some good, clean fun making your own soap. This is not a book
of ideas for melt-and-pour mixtures, but one on how to make
soap from scratch. This is a lengthy process involving some
substances which can be harmful, but the result is stunning
and as this method retains the glycerine much better for the
skin. Interested? Let’s take a closer look.
have seen various books on soap before, but usually they are
about using premade mixes which is what I do. This book explains
the process of making soap from understanding the terminology,
to learning about the often unfamiliar ingredients through
to putting it all together. You need to sit down and read
through it more than once but rest assured that this author
explains it as simply as possible and that it is all perfectly
doable with patience, care and a few items you probably won’t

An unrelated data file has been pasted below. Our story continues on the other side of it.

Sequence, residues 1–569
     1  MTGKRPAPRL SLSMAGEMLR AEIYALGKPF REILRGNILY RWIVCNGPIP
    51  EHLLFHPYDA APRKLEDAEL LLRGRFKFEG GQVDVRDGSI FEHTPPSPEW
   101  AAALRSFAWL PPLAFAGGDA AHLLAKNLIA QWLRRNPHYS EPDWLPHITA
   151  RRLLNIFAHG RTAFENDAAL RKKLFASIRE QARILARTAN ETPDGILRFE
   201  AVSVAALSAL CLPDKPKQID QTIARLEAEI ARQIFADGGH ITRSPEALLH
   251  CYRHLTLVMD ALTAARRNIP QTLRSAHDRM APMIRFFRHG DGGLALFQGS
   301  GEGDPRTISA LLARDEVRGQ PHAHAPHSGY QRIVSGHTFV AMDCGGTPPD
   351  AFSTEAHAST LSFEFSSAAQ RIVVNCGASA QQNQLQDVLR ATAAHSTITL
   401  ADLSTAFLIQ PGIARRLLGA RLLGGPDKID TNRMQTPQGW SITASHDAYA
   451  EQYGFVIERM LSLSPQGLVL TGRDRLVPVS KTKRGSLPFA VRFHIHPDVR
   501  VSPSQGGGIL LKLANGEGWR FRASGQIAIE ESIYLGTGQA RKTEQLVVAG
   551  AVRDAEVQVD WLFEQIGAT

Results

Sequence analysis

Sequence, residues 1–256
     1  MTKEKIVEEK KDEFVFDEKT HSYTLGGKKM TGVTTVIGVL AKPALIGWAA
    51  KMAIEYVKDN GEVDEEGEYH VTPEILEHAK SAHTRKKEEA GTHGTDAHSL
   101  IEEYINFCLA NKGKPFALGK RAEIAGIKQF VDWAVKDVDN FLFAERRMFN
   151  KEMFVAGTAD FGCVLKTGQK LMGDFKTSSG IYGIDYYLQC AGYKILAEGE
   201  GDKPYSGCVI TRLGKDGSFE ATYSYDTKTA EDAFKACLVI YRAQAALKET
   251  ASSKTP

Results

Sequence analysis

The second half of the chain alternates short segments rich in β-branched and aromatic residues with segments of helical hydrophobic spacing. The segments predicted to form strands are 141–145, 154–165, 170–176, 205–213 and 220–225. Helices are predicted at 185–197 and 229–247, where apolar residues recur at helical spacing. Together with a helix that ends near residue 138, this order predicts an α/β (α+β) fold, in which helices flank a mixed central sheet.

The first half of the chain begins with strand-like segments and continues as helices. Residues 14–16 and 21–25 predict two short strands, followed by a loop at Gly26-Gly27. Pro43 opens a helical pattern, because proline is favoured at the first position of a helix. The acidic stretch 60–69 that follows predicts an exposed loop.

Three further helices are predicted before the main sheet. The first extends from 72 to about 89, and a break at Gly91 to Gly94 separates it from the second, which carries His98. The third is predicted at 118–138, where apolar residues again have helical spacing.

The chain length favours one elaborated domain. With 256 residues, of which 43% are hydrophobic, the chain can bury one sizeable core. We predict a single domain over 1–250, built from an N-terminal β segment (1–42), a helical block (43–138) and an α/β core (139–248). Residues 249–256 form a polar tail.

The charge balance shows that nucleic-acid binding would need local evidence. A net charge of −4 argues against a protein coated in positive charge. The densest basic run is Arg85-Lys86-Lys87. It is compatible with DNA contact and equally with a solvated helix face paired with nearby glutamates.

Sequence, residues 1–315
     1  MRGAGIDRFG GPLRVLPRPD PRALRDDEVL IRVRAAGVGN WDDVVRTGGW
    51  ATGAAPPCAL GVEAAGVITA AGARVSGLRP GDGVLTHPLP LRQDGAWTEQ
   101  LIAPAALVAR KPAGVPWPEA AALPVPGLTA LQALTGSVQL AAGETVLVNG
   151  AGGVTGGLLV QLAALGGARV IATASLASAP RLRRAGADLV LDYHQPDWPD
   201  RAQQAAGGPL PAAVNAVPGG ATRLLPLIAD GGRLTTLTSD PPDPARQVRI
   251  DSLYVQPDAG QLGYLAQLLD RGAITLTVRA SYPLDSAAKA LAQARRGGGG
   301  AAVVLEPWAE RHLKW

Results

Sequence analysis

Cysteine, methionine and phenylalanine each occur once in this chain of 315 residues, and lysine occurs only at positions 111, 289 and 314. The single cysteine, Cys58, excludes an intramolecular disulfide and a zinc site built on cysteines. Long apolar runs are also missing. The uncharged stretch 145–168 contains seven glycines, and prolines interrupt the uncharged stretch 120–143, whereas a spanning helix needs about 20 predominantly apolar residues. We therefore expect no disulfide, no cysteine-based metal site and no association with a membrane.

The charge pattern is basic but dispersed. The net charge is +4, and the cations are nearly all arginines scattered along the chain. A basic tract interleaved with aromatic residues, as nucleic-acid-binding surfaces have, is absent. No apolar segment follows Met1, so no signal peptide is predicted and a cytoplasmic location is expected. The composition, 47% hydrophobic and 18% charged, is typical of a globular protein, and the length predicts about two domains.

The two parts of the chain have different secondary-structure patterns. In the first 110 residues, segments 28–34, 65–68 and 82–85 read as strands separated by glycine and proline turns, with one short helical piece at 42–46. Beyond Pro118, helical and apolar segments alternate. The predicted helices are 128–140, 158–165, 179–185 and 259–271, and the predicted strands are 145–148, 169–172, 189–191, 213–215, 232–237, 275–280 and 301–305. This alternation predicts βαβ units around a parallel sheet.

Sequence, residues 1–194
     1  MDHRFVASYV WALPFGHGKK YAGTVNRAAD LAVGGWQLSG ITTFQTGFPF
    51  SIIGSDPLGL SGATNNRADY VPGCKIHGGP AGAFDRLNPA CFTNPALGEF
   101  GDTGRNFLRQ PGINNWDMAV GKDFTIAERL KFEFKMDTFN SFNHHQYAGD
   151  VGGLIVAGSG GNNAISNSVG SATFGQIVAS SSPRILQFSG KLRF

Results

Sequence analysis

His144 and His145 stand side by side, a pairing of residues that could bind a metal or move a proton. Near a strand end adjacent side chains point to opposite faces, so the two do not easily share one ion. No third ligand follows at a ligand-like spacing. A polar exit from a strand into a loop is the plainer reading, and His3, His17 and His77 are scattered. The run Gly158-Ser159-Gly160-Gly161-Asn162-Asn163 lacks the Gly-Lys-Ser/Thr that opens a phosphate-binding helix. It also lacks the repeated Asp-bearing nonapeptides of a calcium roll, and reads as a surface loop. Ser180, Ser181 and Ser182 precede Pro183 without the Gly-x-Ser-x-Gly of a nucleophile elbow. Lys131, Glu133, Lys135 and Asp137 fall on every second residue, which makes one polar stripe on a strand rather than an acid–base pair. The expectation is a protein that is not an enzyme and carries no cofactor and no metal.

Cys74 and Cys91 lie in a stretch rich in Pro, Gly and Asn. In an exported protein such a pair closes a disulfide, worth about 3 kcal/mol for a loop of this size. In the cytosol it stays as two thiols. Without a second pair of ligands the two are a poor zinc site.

own, such as a very tall saucepan. Most of the complicated
part features some very useful staged photographs, and after
you have mastered the basics there are eighteen different
recipes to try and well as washing and shaving soap. Use kitchen
ingredients such as cucumber, yoghourt, olive oil and honey
for a very natural product but also have fun with dyes, fancy
molds and fragrances. Turn to the back for some useful tables
about the types of fats and how to use them, saponification
numbers, troubleshooting and the all-important suppliers list.
This book was originally published in Germany but there are
also suppliers for other European countries and the UK. Real
soap making is a world away from melt and pour, but a lot
more versatile and the end result is something to be truly
proud of This is not a very long book, so rest assured that
there is not too much to learn and Ms Landmann explains it
all very clearly and simply.
you cannot find a good range of soap making materials locally
try www.searchpress.com for a list of suppliers.